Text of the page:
Wildcrafting a Fragrance on a Brooklyn Nature Walk


Avid nature hiker Hall Newbegin tries to bottle the smells of his favorite places on the West Coast through his fragrance company Juniper Ridge. Photo: Daniel Broadhurst

Avid hiker Hall Newbegin bottles the smells of his favorite places for his fragrance company Juniper Ridge. Photo: Daniel Broadhurst

It’s safe to say that when most of us are looking for a new signature scent, we don’t start our search by trimming the branches off a cedar tree on N. 7th Street. It was, however, where West Coast fragrance-maker Hall Newbegin started his search while trekking through the neighborhood looking for ingredients to wildcraft a new cologne.

His company, Juniper Ridge, forages for fragrances, inventing new scents using ancient techniques like tincturing (extracting scent by submerging plants in bottles of alcohol) or distilling essential oils, which Newbegin and Obi Kaufmann extract in converted bourbon stills.

“No one in the fragrance world uses stills anymore,” said Newbegin while clipping off a bushel of branches, tucking them under his arm and continuing to case the neighborhood for other natural ingredients. “They say that they use naturals, but I know the one [natural] fragrance…maker in the entire world. He lives in South Africa–it’s a barefoot guy on a farm who makes all the world’s [natural] fragrance oils.”

I’m hoping fragrance becomes, just like wine did, something people will take and run with and get weird with. We’re good at that on the West Coast. We take normal things and get weird with it, just like with cuisine and wine and coffee. –Hall Newbegin

“Years ago, you could buy stuff like this off the shelf,” he adds, pointing to a traveling still used to steam and condense essential oils out of organic matter upon our return to Barber & Supply, where Juniper Ridge will run a pop-up store until Dec. 21. “It’s utterly, utterly obscure and bizarre today. We spent a lot of time going back through old books and seeing how they used to do things. Really, there’s nothing terribly innovative happening here. The technology of this goes back to Alexandria. It goes back 2,000 years. We’re going back to the old ways and doing it in this weird West Coast way.”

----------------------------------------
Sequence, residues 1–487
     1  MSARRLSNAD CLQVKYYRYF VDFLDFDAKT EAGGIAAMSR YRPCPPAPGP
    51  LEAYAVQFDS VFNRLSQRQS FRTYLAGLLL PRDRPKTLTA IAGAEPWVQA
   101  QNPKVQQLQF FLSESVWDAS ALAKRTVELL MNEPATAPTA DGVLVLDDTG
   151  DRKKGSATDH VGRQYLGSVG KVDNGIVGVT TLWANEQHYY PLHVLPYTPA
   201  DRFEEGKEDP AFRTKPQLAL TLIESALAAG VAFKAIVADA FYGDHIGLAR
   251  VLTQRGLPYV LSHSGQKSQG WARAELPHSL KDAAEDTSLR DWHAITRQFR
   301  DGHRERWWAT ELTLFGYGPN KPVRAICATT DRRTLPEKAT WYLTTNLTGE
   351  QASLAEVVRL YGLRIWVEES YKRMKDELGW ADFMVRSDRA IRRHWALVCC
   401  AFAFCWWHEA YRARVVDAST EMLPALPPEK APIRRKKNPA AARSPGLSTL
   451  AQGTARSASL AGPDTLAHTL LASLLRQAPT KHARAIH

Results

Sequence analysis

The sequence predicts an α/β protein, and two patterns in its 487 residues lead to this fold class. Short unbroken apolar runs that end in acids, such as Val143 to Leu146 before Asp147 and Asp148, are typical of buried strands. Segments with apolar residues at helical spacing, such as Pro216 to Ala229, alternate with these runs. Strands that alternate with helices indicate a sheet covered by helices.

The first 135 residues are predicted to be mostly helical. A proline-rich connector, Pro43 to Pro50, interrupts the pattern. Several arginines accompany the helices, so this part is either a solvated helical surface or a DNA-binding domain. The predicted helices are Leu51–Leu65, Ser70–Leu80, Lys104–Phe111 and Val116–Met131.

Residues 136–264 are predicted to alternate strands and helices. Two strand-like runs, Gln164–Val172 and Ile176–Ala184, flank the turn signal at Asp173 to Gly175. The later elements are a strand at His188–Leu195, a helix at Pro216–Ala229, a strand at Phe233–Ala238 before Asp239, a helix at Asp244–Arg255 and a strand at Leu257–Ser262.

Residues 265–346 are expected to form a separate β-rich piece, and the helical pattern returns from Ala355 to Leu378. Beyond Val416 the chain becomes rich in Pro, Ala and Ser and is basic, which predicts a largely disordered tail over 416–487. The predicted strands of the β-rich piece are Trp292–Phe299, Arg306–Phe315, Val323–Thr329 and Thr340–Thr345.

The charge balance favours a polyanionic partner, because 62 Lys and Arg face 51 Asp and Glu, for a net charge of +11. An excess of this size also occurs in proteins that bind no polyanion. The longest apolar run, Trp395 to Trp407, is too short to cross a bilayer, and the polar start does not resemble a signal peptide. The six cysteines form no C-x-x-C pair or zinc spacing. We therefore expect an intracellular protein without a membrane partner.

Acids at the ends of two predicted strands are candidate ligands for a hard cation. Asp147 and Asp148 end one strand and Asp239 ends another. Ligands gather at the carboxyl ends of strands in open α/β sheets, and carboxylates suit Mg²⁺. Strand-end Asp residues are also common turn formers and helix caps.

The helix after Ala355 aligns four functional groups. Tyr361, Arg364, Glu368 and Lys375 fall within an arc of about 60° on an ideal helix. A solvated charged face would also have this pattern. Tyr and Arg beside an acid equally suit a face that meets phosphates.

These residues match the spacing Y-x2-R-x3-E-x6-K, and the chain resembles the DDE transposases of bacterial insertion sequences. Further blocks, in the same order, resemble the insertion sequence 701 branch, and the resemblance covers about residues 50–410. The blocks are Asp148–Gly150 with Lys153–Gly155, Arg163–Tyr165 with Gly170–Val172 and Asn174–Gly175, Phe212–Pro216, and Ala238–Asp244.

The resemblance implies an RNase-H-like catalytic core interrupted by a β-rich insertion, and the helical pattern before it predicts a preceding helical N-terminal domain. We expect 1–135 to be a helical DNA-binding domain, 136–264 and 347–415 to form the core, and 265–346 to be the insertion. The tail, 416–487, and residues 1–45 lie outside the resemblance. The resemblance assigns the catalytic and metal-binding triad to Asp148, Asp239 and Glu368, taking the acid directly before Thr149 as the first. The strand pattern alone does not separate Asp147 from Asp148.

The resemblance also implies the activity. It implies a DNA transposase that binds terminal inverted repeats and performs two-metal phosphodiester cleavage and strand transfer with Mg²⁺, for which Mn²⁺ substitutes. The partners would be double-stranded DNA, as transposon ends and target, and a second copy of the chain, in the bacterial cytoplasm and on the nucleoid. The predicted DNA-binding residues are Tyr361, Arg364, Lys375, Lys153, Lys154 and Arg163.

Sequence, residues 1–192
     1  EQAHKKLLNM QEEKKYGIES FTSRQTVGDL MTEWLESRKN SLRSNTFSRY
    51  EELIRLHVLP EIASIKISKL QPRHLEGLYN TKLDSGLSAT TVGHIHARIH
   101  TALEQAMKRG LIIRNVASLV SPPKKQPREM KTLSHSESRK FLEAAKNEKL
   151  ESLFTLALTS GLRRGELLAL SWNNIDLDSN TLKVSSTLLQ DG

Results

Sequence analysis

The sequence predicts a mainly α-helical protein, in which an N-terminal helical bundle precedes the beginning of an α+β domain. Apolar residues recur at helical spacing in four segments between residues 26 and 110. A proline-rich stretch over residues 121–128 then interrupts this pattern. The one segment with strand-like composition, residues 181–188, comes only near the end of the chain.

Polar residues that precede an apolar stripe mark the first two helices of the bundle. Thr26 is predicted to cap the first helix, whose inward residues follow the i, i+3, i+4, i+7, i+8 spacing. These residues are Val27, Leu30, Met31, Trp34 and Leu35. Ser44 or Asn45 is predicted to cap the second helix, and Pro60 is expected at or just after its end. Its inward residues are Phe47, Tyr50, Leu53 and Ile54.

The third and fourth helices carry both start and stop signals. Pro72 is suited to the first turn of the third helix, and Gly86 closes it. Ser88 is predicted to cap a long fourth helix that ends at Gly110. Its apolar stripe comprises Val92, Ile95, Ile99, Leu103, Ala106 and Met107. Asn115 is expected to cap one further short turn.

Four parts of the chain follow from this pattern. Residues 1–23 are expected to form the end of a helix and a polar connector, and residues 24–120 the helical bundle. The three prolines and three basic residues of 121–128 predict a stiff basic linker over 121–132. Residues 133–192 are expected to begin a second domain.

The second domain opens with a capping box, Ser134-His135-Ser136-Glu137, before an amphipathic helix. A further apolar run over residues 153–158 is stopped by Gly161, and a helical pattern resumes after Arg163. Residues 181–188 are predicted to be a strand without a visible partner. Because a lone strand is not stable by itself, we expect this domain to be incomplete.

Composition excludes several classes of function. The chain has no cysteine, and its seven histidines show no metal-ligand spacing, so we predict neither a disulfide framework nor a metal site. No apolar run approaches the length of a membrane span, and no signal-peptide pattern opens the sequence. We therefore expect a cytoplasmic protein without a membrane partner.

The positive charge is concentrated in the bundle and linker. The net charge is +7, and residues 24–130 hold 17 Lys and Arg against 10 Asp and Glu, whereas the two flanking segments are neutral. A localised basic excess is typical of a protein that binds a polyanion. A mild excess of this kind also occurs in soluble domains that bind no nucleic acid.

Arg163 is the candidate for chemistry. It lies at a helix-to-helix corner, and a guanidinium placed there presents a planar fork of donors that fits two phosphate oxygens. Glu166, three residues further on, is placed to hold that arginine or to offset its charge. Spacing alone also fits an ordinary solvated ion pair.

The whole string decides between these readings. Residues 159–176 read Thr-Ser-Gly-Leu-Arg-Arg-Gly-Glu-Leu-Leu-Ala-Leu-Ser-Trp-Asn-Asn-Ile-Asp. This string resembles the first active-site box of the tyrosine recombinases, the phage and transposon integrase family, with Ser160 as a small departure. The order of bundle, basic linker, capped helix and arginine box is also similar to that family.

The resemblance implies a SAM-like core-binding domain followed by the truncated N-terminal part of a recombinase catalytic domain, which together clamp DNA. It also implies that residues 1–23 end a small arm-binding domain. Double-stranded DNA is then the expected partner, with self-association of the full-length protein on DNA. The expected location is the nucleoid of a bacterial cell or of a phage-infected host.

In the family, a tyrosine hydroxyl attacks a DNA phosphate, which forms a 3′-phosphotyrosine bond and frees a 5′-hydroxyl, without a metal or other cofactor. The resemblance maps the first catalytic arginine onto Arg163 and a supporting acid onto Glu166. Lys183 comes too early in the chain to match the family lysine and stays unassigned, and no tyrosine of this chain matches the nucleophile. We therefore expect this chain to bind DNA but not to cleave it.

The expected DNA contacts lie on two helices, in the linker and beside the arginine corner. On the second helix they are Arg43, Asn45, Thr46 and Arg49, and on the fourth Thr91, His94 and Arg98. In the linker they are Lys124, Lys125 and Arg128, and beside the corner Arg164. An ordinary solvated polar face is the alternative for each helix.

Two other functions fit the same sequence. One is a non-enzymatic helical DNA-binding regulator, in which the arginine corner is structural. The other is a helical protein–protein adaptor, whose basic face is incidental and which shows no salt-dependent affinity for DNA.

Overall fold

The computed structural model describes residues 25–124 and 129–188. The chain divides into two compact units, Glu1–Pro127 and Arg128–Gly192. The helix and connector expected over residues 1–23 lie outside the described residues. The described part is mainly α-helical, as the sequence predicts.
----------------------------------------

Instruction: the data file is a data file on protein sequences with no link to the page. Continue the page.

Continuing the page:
Juniper Ridge is part of a new group of independent fragrance-makers who develop small-batch, handcrafted scents, referred to in the fragrance world as niche perfumers. Local examples include MCMC Fragrances created by Brooklyn perfumer Anne McClain and CB I Hate Perfume. As niche perfumery matures, new companies have cropped up to cater to a growing customer base. Bergamot is a new subscription service we wrote about in September that mails out curated collections of small-batch scents every month. These niche perfumers represent a fraction of perfume creation overall, but it is where most of the innovation and new ideas about fragrance can be found right now.

“The niche market tends to be smaller production runs with more emphasis on the ingredients, marketed to a smaller audience and typically more expensive,” says Jason Fried, who co-founded Bergamot with McClain and a Sid Shah. “This audience cares more about the inspiration and story behind each fragrance–as well as finding something that is going to smell and feel different than what you’d expect at the department stores. There’s an authenticity and passion that exists from the niche brands that the mass market simply cannot replicate.”

“What’s so important about a brand like Juniper Ridge,” Fried continues, “is that they offer something which completely breaks the tradition of the mass-market perfume world. While perfume has typically been based on each brand iterating on the best sellers of the past, Juniper Ridge has taken a completely different approach by focusing on strictly natural ingredients that they source and distill themselves from their local environment.”

Juniper Ridge’s wilderness fragrance distillery is located in Oakland, Calif. They use 500-gallon stills, which, at capacity, can distill about a half gallon of essential oil from plants like the cedar we collected on our walk. “If you took redwood and did the same thing,” Newbegin says, “you’d get like a beer bottle of oil, which is the reason the perfume industry gave up on naturals a long time ago. It’s expensive. All their money is on Brad Pitt on a billboard. The juice in the bottle isn’t different from Britney to Chanel to Comme des Garconne, whatever. It’s all gasoline–petrochemicals–that’s been converted. That’s what all perfume is. People have been using it for a long time, but it’s just kind of grody smelling to me.”